Why in the first half of the twentieth century were women’s ankles considered sexy in the United States? Why are breasts considered intimate parts in industrialized places but not in poorer ones where breasts are thought of in more utilitarian terms? Why in conservative societies, such as those in the Middle East, are women’s whole bodies, including their wrists and hair, considered indecent if publicly exposed? Why is public nudity taboo in Canada and the US, but less so in Europe?
The answer must begin with the fact that whereas biology determines the sexual practices of animals, psychology and culture are factors in human sexuality. Specifically, no human body part is inherently sexy, not even the genitals which have primarily sexual functions as far as biologists are concerned; for example, nudity in the locker room or in a life drawing class or on the operating table isn’t so sexually arousing. Social context matters: the historical evidence indicates that under certain conditions, the tantalizing concealment of any body part can cause sexual arousal in a brain in which the imagination rather than just the sex hormone dictates sex appeal. In a prudish culture, visually-oriented men must make do with limited offerings, and so American men in the 1930s imagined ways in which the ankles of long-dress-wearing women could be thought of as sexy. Likewise, bored Middle Eastern men might rhapsodize about women’s hair curls and eyelashes, which are the sole body parts that some Islamist dictatorships permit to be publicly exposed. Most male body parts have the tedious evolutionary function of being muscular to make the man an effective protector, and so women starved for some novelty in their sexual diet imagine that beards can be sexy. Just as the long dress which covers the legs and ankles allows the woman to choose how high to raise the garment, creating an air of mystery and of being so near and yet so far from the promised land, as it were, the beard can obscure lantern jaws which are symbols of strength and stability, and the facial hair tantalizes as the man chooses to shave and to allow the hairs to grow to varying lengths.
Evolutionary psychologists are certainly right to point out that the underlying mechanisms of arousal have biological, reproductive functions, but culture isn’t an impotent byproduct of genes and hormones. We rewire our brains by modifying the environments to which we must adapt to survive, and our artificial environments are energized by ideologies, including those that determine the purpose of the tools, machines, and other artifacts we rely on throughout civilized life. Thus, whereas the mechanism of female arousal may originate from the woman’s desire to have her clitoris stimulated by a penis, for the evolutionary reason that sexual pleasure facilitates the transmitting of genes by sexual reproduction, that desire has evidently been exapted after what Yuval Harari calls the cognitive, agricultural, and scientific revolutions. Thus, women can be turned on by the way a beard makes the man seem withdrawn or wayward and in need of mothering and instruction. The biological mechanisms are repurposed to achieve cultural, often idealistic or fantastic goals. Sex acquires meanings that have little to do with that which is paramount from the gene’s eye view. In particular, sexual ecstasy is comparable to the religious kind, which in turn is akin to the experience of existential horror, to the revelation of that which transcends and so humiliates not just our comprehension but our standing as entities.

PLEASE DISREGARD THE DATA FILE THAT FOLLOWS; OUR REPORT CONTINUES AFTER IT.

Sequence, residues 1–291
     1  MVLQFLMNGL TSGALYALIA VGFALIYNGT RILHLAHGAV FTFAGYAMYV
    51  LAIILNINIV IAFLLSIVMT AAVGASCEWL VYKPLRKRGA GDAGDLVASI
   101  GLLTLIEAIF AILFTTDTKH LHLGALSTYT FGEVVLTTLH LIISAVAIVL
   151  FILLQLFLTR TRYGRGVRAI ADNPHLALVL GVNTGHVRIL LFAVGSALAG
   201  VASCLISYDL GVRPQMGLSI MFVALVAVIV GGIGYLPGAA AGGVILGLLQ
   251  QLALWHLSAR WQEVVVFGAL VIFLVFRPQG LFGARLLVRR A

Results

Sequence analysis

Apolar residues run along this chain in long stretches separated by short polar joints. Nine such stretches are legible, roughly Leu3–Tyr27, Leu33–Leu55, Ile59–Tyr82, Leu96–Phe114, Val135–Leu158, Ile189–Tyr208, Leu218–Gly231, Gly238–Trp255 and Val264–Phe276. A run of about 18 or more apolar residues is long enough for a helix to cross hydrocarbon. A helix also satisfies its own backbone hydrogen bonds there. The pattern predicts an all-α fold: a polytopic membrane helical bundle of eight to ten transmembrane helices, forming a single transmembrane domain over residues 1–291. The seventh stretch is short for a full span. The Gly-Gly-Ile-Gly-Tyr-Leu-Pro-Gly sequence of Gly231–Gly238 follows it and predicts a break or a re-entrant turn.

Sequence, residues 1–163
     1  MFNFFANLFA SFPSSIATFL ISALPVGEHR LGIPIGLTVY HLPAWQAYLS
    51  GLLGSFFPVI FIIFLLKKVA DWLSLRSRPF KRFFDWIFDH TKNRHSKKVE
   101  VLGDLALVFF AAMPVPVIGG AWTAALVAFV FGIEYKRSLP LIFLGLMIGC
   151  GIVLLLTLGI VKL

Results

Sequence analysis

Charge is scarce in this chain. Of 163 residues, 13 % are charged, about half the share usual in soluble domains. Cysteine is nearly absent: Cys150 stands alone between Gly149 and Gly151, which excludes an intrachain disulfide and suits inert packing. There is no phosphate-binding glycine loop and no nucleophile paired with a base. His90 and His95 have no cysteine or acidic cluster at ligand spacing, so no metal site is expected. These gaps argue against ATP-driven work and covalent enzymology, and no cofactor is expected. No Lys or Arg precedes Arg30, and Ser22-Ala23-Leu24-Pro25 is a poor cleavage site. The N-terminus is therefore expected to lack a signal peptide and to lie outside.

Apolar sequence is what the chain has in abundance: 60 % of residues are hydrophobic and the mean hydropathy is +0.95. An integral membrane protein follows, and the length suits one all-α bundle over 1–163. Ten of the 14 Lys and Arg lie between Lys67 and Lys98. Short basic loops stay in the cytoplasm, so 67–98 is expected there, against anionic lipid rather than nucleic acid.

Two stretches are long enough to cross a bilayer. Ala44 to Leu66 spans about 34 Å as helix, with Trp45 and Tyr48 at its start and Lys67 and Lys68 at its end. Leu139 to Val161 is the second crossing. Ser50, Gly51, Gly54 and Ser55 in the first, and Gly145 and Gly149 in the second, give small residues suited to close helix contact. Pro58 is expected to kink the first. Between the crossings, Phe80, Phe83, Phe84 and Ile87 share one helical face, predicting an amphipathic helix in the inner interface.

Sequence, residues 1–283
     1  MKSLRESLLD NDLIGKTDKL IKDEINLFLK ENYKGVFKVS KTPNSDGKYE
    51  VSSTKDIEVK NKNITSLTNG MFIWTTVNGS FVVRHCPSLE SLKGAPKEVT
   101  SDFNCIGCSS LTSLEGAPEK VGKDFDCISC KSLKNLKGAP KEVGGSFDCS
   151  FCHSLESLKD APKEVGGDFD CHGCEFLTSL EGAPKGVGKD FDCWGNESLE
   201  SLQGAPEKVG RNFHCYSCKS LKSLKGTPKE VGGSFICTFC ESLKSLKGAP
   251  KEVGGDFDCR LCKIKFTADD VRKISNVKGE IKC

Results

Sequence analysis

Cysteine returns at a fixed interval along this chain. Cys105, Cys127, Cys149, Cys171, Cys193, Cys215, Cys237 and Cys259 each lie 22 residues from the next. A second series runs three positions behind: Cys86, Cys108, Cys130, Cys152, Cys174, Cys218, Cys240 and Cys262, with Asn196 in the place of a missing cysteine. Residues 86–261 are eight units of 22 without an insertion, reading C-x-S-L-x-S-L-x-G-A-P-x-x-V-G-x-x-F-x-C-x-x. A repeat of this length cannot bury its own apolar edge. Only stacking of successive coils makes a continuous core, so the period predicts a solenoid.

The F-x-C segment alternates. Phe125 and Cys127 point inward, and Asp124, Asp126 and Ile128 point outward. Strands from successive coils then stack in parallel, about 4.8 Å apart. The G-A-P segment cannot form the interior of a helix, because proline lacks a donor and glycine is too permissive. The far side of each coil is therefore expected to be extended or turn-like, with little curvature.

The Revelation of Sex
The degree of lust and of the giddiness of being on the threshold of sexual contact may be inversely proportional to the degree of familiarity with the partner’s body or with sex in general. The more sex you have, the less earth-shattering it becomes over the years, unless your sex drive is low or your expectations are curbed by cultural conventions. This is one reason that adultery is commonplace among able-bodied individuals who have options: to renew the height of ecstasy enjoyed when sex in general or with a particular partner was novel. Sex for virgins is typically overwhelming because they haven’t yet solved the mysteries of sex. Unfamiliarity with the other’s body parts or with the sex acts that are generally kept secret accounts for why even ankles, wrists, calves, beards, or hair can be deemed sexy even though those parts are irrelevant from the genetic standpoint. In hunter-gatherer tribes, for example, breasts have no sex appeal because they’re constantly exposed and so their men’s imagination isn’t fired by the fantasy of what they would look or feel like were they revealed. They’re exposed because the tribes are consumed with the purpose of surviving in harsh, perhaps exceptionally humid natural lands and have no time for luxuries such as fashion. By contrast in the individualistic West, fashion is an art form and we individuate ourselves by showing off our possessions, thereby forgetting about the fleshy bodies toiling to maintain so many artificialities. Indeed, as Morris Berman argues in Coming to Our Senses, we in the West are virtually disembodied; we live in our heads and in a noosphere of abstractions—until, that is, in all infantile innocence we find ourselves drawn back to that which is hidden by the products of our labour, to the shapes, sounds, and tastes of each other’s flesh.